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Right now, Star Wars Celebration Europe 2013 is underway, and that means there will be news about all the different corners of the "Star Wars" universe and what fans should be looking forward to in the near and far future. Of course, the majority of the attention of the fan community right now is focused on "Star Wars Episode VII," and all you have to do is look at the way any rumor of any substance ripples through the entire Internet to know how keen the anticipation is out there for this film, whatever it's going to be.
I think JJ Abrams has a terrifying job. Seriously. I think anyone after him who directs anything related to "Star Wars" has permission to play, and we're going to see just how flexible a film universe it is in the next decade or so. But for JJ Abrams, this is the moment. For "Star Wars," this is the moment. The prequels left a divided fandom. The television projects have divided fandom. There are fans so hurt that they don't consider themselves fans anymore. The only thing that is going to truly bring fandom back together in a meaningful way is if this next film gets it right. Abrams has to convince us all that there's something left to tell, some reason for these movies to go on. It's not just "And then some more stuff happened!" This is "Star Wars." It's got to be a story that feels like it takes everything that's come before and spins it into something new and engrossing and fun and exciting and different.
There are things that Abrams and Michael Arndt and Simon Kinberg and Kathleen Kennedy and Lawrence Kasdan all bring to the table, and I think it's that combination of voices that is going to make this a very different "Star Wars." Lucas is there. Lucas is involved. He gets to be a sounding board as much as he wants to be a sounding board. But it sounds like much of what he contributes is his feelings about what constitutes "Star Wars." I know when I worked with Clive Barker adapting something of his, we had discussions about his work and about what did or didn't feel like something that could have come from his mind, from his particular point of view.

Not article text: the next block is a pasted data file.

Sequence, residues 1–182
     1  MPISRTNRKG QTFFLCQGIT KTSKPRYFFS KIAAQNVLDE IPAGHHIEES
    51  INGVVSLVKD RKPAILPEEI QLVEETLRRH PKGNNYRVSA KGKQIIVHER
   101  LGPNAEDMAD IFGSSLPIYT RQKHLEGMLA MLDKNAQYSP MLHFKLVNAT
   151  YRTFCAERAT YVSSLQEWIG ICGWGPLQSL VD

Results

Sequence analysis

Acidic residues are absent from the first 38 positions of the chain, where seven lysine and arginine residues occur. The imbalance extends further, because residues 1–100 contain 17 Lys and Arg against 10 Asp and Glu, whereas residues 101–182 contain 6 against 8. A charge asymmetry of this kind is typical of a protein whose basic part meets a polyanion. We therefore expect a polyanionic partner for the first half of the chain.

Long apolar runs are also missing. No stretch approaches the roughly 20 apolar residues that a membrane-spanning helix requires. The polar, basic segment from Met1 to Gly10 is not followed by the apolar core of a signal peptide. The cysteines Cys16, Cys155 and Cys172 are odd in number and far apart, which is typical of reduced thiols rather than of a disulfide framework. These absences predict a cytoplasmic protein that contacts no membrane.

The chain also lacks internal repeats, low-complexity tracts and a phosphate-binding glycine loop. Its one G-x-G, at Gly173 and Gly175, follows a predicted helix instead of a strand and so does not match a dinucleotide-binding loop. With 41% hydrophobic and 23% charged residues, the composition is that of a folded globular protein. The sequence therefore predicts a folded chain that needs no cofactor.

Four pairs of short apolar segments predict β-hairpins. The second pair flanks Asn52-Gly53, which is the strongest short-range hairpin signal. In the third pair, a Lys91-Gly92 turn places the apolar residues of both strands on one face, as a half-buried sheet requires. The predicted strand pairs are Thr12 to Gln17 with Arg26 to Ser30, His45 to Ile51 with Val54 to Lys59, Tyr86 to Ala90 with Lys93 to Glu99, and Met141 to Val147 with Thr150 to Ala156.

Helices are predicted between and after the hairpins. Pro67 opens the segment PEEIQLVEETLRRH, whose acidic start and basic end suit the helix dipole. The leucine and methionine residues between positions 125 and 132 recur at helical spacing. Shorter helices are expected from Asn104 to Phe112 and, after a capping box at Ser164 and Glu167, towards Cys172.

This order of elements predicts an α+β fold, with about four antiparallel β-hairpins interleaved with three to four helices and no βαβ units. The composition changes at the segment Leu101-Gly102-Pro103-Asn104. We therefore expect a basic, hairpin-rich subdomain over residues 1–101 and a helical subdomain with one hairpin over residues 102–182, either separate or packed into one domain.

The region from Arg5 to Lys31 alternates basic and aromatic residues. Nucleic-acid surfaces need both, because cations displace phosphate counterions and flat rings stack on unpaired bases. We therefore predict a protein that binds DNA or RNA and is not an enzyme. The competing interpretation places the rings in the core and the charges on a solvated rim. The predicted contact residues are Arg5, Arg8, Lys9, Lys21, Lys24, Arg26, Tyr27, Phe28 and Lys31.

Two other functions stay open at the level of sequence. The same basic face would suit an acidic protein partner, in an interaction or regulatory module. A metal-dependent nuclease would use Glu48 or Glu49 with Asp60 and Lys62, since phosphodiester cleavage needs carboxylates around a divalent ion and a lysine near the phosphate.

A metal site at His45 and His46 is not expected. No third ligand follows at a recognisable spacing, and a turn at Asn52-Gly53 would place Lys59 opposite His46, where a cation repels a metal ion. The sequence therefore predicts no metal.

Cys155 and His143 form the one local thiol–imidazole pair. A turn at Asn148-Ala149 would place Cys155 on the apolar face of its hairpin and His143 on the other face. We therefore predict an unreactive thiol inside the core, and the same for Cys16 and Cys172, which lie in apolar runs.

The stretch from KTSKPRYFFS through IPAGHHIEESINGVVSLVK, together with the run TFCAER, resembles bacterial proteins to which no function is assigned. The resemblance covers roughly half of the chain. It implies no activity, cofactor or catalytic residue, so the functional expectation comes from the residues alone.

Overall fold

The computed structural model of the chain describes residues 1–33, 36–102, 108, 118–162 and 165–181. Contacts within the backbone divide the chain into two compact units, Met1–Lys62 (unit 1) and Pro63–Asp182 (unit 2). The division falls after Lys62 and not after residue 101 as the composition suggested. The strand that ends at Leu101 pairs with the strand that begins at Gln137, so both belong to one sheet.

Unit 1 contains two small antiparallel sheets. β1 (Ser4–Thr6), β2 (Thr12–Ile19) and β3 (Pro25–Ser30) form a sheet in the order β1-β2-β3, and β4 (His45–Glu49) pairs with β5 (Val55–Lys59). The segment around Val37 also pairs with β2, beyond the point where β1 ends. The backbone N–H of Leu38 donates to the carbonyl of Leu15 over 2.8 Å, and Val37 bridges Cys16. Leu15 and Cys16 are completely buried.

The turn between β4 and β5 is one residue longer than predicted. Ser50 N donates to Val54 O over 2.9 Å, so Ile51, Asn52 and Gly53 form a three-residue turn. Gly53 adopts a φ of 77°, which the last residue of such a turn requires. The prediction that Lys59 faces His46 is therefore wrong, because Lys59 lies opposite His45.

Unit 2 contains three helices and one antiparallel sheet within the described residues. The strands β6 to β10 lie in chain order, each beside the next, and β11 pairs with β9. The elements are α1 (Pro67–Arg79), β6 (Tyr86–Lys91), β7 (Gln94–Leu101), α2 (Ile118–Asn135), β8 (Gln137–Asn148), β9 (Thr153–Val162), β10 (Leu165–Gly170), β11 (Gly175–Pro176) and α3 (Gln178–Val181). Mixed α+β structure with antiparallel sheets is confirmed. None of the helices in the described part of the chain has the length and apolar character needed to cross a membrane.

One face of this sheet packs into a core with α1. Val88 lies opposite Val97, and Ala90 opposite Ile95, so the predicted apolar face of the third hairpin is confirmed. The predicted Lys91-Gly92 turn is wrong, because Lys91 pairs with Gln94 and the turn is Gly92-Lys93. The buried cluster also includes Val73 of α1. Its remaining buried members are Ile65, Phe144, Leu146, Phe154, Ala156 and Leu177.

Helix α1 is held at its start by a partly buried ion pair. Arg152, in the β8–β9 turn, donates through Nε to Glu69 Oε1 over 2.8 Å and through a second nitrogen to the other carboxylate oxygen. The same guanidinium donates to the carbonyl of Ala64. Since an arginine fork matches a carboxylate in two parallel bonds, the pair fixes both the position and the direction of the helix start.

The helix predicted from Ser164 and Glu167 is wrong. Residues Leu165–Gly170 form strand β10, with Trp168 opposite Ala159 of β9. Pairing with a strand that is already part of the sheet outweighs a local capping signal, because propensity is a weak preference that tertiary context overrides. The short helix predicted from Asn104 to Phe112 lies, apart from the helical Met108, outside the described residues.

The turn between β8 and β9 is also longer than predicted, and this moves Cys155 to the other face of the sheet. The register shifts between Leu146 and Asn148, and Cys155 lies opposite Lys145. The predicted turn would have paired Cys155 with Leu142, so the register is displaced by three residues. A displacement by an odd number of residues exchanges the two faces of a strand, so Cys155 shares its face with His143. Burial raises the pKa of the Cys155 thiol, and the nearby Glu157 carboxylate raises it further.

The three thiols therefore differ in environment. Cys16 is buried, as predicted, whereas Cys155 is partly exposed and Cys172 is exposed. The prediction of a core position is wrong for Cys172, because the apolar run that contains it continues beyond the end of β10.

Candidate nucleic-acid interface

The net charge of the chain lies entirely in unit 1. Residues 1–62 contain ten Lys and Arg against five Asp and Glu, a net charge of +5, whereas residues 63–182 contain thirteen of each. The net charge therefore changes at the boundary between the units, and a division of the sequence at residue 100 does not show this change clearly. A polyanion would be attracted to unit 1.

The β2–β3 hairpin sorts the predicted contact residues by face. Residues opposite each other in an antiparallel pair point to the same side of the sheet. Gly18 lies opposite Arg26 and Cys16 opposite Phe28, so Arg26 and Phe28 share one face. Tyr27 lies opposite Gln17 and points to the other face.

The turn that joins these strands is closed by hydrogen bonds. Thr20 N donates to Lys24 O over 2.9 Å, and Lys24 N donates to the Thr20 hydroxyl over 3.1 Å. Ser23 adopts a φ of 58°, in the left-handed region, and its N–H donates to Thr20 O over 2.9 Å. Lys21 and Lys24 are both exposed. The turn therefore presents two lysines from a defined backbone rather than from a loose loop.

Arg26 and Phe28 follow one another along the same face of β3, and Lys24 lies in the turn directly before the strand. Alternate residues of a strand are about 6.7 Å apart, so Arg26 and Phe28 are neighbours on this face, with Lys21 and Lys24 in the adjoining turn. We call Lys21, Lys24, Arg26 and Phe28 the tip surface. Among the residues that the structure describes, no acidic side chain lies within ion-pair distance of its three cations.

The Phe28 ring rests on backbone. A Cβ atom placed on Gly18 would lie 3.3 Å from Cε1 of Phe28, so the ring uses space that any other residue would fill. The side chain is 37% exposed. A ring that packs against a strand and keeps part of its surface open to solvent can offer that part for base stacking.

Lucas is, at the end of the day, the one person who has true veto power over what is or is not "Star Wars." Doesn't mean I don't have an opinion, just like every other kid who every grew up with the films and the toys and the books and the games and everything else. But I recognize that no matter how strongly held my beliefs are, there are certain things that define "Star Wars," and the opinion of George Lucas sits right there at the top of this very short list.
Another item on that list? The music of John Williams. And the biggest news today so far is that John Williams is officially onboard for these movies, and seems pretty excited about it. Check out this video of Williams that just went live during the Celebration panel:
If you check out the live-blog over at Star Wars Blog, you'll see that much of the panel seemed to be about Kennedy herself and her background and how she ended up sitting in the chair, steering the future of this cultural titan. It seems like a pretty logical fit to me. She's been there for some of the great lightning strike Eureka moments of the last 30 years of pop culture. Seems like exactly the person you trust to keep this thing in motion now.
I love that much of what I've been hearing seems to match what Kennedy is saying. I've heard that Lawrence Kasdan is considered by everyone else in the process a pretty great resource, and a really lovely collaborator. And I've heard that ILM is building a lot of actual models for this film, that they plan to shoot the models and digitally composite on a much larger scale than the last trilogy. It's an aesthetic choice, evidently, and I find it very exciting to imagine big ILM model units working to build out the world.
I feel like there's a lot of begrudging coverage of the "Star Wars" films already, like people are irritated that they have to write about "Star Wars," which they don't like at all anymore. Not everyone, certainly, but enough that I kind of dread the way things are going to unfold during production. I think sometimes people are extra-eager to hear about what goes wrong and not terribly inclined to believe if something actually goes right, and it might not even be conscious on their part. But with "Star Wars," I see some eye-rolling and some hand-wringing, some groaning about it.
I'm excited. I really am. My kids are excited. We're all looking forward to a new "Star Wars" film together. When it comes out, Toshi's going to be ten and Allen's going to be seven. That's totally badass. That's the perfect age for the kick-off of a new trilogy. And I'm willing to put my faith in not just one person but this whole brain trust that Lucas and Kennedy have assembled. This looks to me like the right way to do things this time around, and I certainly have my fingers crossed that the Force is with them in a big big way.
"Star Wars: Episode VII" is set for release in the Summer of 2015.
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